7 Complaints Employees Don’t Tell Their Bosses

Businessman holding up a sad smilie picture in front of his face.

Jordan WarshafskyBusinessman holding up a sad smilie picture in front of his face.By Jordan Warshafsky, Partner, Ashton Tweed


There are a lot of things your employees may not feel comfortable telling you. But as a good employer, these are seven of the most common complaints you should be aware of in the workplace:


1. Underpaid: It’s always uncomfortable to talk about money, especially to ask for more. So don’t make it more uncomfortable than it already is. Give your employees a chance to voice why they feel like they should be paid more and hear them out before making a decision.


2. Lack of Communication: Many employees feel there is a lack of communication between them and their employers. Whether their bosses are unclear or simply unavailable, it makes their job tougher. So make yourself available to your employees and be as straightforward as possible.


3. Micromanaging: Employees can’t stand it when their bosses claim to trust and respect them but refuse to let them take control of important projects. Not only should you give them important tasks, but you should also let them decide how to complete them.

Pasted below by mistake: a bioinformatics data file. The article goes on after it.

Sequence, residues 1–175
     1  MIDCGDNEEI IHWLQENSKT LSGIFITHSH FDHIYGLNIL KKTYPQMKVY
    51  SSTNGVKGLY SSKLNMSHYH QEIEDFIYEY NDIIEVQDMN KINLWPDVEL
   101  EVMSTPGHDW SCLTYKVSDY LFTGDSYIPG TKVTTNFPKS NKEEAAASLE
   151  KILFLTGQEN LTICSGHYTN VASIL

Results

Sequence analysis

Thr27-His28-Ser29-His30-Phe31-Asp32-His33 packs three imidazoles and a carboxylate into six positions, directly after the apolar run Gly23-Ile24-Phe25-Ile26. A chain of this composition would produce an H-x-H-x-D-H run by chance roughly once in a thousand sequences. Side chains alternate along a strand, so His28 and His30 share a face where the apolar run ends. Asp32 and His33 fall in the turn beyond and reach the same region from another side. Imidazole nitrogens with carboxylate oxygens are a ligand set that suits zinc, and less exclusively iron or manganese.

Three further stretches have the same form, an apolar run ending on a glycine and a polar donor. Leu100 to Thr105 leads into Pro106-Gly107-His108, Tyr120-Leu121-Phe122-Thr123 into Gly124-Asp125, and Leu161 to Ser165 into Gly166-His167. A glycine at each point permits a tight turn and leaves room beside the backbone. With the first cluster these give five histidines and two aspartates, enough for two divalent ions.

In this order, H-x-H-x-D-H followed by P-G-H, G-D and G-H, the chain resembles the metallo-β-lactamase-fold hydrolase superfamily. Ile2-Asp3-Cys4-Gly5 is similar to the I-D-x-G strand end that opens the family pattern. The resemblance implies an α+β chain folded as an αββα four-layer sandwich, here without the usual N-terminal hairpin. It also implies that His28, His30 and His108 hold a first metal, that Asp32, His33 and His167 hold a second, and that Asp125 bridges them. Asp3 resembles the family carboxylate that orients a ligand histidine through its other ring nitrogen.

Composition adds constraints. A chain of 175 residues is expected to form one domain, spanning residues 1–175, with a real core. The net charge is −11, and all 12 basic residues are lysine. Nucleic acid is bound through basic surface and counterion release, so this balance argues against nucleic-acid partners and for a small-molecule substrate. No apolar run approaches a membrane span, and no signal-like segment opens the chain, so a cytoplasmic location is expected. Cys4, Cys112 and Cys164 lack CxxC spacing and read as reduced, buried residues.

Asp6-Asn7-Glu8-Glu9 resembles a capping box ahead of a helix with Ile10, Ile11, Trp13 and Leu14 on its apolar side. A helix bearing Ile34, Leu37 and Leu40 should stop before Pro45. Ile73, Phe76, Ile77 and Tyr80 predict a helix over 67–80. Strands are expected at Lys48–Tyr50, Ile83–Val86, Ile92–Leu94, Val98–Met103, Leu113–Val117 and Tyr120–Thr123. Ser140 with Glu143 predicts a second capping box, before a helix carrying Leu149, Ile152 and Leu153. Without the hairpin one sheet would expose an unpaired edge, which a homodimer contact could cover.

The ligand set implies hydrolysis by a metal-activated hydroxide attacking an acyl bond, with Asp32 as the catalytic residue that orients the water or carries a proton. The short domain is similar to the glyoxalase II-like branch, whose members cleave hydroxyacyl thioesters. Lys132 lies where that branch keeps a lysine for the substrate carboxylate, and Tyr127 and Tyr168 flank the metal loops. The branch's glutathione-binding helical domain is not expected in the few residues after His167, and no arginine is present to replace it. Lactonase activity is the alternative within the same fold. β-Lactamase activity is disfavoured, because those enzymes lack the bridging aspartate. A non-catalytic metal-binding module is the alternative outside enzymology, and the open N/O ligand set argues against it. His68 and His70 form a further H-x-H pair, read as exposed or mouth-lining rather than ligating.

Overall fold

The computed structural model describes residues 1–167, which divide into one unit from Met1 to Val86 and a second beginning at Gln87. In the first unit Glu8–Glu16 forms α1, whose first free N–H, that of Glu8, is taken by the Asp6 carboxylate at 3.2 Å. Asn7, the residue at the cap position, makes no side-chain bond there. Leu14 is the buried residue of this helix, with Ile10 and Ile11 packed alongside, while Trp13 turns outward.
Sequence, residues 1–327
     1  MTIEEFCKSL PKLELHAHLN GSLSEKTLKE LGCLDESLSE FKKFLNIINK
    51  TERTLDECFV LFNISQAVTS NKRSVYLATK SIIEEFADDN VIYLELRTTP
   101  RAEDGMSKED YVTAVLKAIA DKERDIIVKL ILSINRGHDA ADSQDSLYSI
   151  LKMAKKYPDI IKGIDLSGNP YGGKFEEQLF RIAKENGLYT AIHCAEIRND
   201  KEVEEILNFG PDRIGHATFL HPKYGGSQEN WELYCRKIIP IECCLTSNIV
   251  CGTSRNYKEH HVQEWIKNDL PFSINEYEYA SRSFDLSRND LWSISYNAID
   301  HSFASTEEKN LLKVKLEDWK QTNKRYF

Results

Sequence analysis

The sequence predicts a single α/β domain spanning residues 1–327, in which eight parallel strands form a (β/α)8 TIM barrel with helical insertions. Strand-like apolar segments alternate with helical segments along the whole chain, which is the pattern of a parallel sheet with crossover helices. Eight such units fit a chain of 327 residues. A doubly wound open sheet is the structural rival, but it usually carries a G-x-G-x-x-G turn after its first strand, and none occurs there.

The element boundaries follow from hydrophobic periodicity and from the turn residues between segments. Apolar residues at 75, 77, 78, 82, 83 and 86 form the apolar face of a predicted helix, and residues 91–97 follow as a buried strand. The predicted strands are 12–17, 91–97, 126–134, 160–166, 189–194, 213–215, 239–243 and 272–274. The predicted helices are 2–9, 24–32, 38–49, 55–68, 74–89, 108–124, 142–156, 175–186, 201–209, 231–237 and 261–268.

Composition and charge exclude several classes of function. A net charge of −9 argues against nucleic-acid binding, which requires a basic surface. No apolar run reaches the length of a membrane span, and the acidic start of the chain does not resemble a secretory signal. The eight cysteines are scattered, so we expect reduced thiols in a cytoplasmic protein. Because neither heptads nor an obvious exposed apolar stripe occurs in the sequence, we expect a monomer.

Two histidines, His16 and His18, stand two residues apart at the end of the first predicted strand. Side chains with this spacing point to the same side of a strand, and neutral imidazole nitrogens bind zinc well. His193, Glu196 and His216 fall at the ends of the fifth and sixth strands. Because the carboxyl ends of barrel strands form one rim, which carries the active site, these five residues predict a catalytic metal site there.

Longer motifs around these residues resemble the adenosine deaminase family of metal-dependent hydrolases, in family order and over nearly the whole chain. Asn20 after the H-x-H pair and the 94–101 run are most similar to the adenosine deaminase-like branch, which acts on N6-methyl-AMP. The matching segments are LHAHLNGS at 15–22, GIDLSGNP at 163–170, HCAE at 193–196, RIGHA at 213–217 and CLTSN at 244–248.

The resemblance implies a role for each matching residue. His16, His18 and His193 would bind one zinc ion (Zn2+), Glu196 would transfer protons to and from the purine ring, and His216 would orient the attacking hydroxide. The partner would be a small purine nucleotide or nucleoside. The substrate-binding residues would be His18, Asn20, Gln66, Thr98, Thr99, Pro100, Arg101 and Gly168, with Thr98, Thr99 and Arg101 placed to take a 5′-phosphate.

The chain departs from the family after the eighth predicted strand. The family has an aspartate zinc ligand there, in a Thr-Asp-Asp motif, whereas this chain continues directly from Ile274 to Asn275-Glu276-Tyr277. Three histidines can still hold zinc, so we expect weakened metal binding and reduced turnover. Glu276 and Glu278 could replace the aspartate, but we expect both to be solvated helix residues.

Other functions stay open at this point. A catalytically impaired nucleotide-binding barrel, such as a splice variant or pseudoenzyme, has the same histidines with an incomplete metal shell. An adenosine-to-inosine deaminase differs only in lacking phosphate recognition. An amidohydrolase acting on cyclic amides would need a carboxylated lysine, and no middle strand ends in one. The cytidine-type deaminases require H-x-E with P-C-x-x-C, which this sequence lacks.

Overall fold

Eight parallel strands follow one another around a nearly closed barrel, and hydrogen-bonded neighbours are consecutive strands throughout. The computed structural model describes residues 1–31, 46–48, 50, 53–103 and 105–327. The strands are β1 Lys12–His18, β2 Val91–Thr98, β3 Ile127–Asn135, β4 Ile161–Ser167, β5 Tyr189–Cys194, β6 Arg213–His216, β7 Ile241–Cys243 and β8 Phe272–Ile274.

4. Not enough feedback: Good employees truly want feedback on their performance in order to improve. They want this just as much as they want their good work to be acknowledged. In addition, they’d like to give feedback when appropriate, so give them these opportunities.


5. Favoritism: Employees are much more perceptive than you think, and can tell when someone is favored over the rest. This is especially frustrating when they are good workers, because the unfairness is more blatant. So make an effort not to favor anyone in the workplace and to treat all employees equally.


6. Working on vacation: Your employees cherish their vacation time just like you and, in most cases, they don’t “live to work.” Therefore, they hate being asked to take a call or complete some other task while on vacation. Try your best not to let this happen unless absolutely necessary.


7. Heavy workloads: Employees with heavy workloads don’t feel confident about their work because they don’t have enough time to fully address all of their responsibilities. In other words, they are spread too thin. This is true especially when a company has layoffs and their remaining employees have to take on extra responsibilities. Keep track of increasing workloads in these situations.


It is important to check in with your employees and to give them opportunities to express their concerns. After all, they make up the engine that keeps your company running.  It’s not only beneficial to your employees, but to you as well. It’s better for them to discuss and address their issues with you than the alternative. Happy employees make for a happy employer.

Looking to hire? Contact Jordan Warshafsky to discuss your hiring needs.

Share your insights! Contact jamesrudman@ashtontweed.com to contribute your life sciences article as a guest writer.


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